1. If two areas are enclosed by a straight-line and the section of a right-angled cone, which we are able to apply to the given straight-line, and they do not have the same center of weight, the center of weight of the magnitude composed from both of them will be on the straight-line that joins the center of their weight which divides the mentioned straight-line in a way that the segments of the have the same ratio inversely with the areas.

(diagram 2) Let there be two areas, AB, GD, as stated,(*1e*) points E, Z the centers of their weight, and the ratio which AB has to GD, let ZQ have this to QE. One must show that point Q is the center of the weight of the magnitude composed from both areas AB, GD.

(diagram 3) Let each of ZH, ZK be, in fact, equal to EQ, (diagram 4) and EL equal to ZQ, that is HE. Therefore, LQ will also be equal to KQ, and furthermore as LH is to HK so is AB to GD. For each is double each. (diagram 5) Let the area of AB be applied along LH on each side of LH, so that MN is equal to AB. In fact, point E is the center of the weight of MN (I prop. 9).(*2*) (diagram 6) Let NX be, in fact, filled out, but MN will have a ratio to NX that LH has to HK. But AB also has to GD the ratio of LH to HK. Therefore, as AB is to GD, so too is MN to NX. And alternando. But AB is equal to MN. (diagram 7) Therefore GD is also equal to NX, and point Z is the center of its weight (and the center of NX because of I prop. 9). (diagram 8) And since LQ is equal to QK, and a whole, LK, bisects the opposite sides, point Q is the center of the weight of a whole, PM (I prop. 9). But MP is equal to that from both MN, NX. (diagram 9) Thus too point Q is the center of the weight of that from AB, GD. Assumption 6

Commentary of Eutocius, pp. 278.2-16 (the wording of the text follows more closely the wording of the statement of the theorem, but note the other differences):

On the 2nd book. Having pursued precisely the first [book] and having made clear the what was difficult to understand in it, we consider it also necessary to set out appropriately what was difficultly stated in the second book. He says then in the first sentence of the first theorem, “Let there be supposed areas AB, GD enclosed by a straight-line and the section of a right-angled cone which we are able to apply to the given straight-line.” It is not possible to find this at once from the things proved here. Since it has been proved by him, as also he said in On the Sphere and Cylinder (in the introduction), that such a figure is a third again the triangle having the same base as it and an equal height, but we are able to apply the rectilinear plane that is a third again of a triangle along the given straight line, it is obvious that [we can also do it] to figures of this sort. What was said in the construction are clear through the tenth theorem of the first of these books. (back)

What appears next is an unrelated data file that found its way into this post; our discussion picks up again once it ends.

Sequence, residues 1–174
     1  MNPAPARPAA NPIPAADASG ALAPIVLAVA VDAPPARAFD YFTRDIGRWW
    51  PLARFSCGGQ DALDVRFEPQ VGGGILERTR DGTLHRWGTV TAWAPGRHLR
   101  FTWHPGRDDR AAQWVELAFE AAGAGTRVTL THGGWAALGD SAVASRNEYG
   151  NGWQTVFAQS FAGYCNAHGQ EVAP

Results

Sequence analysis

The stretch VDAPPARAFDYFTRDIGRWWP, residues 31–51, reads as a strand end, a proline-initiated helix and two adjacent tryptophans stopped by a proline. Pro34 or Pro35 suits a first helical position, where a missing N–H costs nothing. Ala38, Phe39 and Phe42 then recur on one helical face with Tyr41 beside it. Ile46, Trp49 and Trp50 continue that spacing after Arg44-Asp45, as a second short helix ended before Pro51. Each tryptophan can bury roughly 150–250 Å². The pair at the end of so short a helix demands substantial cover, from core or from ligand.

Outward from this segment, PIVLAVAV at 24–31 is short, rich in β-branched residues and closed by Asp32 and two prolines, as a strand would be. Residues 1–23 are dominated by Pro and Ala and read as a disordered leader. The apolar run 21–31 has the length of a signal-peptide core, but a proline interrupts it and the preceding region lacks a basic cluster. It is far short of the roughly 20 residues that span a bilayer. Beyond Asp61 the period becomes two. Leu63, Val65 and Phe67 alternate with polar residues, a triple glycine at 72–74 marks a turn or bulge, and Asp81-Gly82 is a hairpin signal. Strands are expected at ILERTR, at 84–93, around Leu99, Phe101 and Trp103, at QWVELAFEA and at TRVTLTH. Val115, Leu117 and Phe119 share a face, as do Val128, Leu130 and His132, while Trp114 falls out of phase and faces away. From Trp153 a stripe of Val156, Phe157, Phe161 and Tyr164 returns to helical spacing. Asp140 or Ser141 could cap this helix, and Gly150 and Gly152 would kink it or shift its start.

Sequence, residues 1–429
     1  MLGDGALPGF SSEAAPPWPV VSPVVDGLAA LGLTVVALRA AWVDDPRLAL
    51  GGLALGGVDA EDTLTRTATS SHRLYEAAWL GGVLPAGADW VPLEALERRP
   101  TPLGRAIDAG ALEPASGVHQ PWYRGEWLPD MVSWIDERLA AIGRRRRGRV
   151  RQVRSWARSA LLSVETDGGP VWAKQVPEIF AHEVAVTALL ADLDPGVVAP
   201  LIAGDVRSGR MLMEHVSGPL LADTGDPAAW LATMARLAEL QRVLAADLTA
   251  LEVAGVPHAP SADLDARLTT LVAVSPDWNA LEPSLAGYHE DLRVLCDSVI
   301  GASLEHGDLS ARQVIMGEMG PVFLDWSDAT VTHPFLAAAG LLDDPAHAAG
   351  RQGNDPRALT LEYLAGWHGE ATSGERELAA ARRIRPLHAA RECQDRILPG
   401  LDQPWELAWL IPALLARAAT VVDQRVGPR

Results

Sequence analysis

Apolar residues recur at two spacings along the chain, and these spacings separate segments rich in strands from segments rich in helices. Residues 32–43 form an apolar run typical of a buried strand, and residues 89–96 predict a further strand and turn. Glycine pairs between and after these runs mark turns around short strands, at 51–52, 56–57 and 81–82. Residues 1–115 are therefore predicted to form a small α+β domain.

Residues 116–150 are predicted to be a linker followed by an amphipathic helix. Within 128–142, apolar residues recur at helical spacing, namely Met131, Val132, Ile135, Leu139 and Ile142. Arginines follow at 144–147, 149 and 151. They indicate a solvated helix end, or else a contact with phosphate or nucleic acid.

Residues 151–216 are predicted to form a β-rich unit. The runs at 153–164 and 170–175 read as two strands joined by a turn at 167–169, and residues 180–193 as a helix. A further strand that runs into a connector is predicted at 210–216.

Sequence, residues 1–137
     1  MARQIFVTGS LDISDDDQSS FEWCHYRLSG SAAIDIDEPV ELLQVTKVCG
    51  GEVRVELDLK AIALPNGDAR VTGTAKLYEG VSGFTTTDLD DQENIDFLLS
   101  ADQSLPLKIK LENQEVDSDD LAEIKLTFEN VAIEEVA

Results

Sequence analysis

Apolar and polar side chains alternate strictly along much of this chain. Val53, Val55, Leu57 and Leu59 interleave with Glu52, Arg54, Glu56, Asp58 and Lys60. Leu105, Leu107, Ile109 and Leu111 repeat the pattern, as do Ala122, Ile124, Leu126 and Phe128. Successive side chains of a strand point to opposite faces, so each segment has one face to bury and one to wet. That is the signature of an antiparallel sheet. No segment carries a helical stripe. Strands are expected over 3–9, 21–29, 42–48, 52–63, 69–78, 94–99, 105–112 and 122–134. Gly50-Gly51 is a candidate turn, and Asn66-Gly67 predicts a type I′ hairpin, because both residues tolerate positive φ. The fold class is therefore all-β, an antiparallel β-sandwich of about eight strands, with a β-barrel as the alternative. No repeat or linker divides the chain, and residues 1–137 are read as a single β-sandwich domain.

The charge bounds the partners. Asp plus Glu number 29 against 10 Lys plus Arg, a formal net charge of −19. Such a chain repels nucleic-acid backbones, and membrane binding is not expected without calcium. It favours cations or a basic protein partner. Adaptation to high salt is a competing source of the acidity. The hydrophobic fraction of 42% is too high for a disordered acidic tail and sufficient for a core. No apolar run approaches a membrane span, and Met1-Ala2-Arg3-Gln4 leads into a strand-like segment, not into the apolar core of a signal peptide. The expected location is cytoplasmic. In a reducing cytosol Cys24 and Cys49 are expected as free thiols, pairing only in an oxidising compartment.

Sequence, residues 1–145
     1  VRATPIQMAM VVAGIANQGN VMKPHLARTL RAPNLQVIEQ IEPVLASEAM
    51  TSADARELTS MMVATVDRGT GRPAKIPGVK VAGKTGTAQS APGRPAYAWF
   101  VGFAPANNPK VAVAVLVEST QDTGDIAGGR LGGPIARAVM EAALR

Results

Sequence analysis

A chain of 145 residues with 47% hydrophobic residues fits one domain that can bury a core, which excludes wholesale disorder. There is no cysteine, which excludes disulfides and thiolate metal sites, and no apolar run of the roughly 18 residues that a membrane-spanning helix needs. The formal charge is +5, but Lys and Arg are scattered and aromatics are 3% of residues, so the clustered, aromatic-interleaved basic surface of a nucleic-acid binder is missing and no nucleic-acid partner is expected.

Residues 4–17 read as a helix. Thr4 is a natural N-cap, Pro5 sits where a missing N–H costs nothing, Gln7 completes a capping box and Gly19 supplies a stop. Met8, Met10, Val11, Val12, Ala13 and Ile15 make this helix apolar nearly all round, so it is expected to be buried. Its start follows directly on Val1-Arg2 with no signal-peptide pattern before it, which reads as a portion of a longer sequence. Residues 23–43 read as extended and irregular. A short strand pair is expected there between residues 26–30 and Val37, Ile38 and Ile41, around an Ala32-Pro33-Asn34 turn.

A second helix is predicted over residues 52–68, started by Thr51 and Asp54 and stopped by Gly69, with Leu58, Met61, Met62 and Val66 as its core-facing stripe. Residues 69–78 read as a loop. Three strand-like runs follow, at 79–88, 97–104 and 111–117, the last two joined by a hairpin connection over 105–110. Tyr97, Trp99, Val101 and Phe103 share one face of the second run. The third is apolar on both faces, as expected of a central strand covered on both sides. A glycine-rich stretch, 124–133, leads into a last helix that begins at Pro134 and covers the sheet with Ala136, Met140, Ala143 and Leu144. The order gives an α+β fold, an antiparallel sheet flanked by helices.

(*1*)This theorem is surrounded with controversy. Why does Archimedes prove it instead of just using Propositions 6-7 of Book I? Moreover, a careful perusal of the theorem would show that it is crucial to the proof that one can apply the area of parabola AB to line LH, as Eutocius notes. The commensurable case, theorem I 6, does not apply the area to the line but supposes that equal commensurable weights can be divided up into units of the common measure. Of course, theorem 7 does neither by reducing the incommensurable case to the commensurable one. In a sense, II 1 and I 6 are different special cases of the general principle of the balance where the use of some sort of distribution of weights is possible.

Is there any guarantee that one can always divide up the weight into its measures? It is plausible that if one can prove two weights commensurable one should be able to do this. For example, given two commensurable circles, one can readily construct a circle that is the common measure by using the diagonal of the square common measure of the squares of the diagonals. Of course, a similar problem exists with the proofs of Eucid, Elements X.

Does Archimedes need the general principle of the balance, I 6-7, in Book II or only the case of the parabola, II 1? In fact, in the logical structure of both books, I 6-7 is only used for I 8. However, I 8 is a fundamental theorem for both books. This issue depends on how one interprets I 6-7, however (more below).

In fact, Archimedes does not seem to need or use II 1 at all in Book II. If so, II 1 stands alone in the logical structure of Book II. The issue here is that sometimes Archimedes infers that two parabolas equal in area have their centers of weight equidistant from some point. This follows equally from II Prop. 1 and the much more trivial I Prop. 4. However, at the same time he will make the exact same claim about polygons. Here, II Prop. 1 will be useless, but I Prop. 4 is required. Hence, in my comments, I ignore applications that may be this sort of trivial application of II Prop. 1 and cite I Prop. 4 instead. The reader should take note of this, however.

We can speculate why Archimedes proves II 1. Perphaps, he wants to show use this application of areas arguments involves a simpler argument. Perhaps, he is concerned about more philosophical issues. Perhaps, he regards Book II as a complete treatise on parabolas and so proves every relevant, important theorem on centers of weight. He doesn't tell us.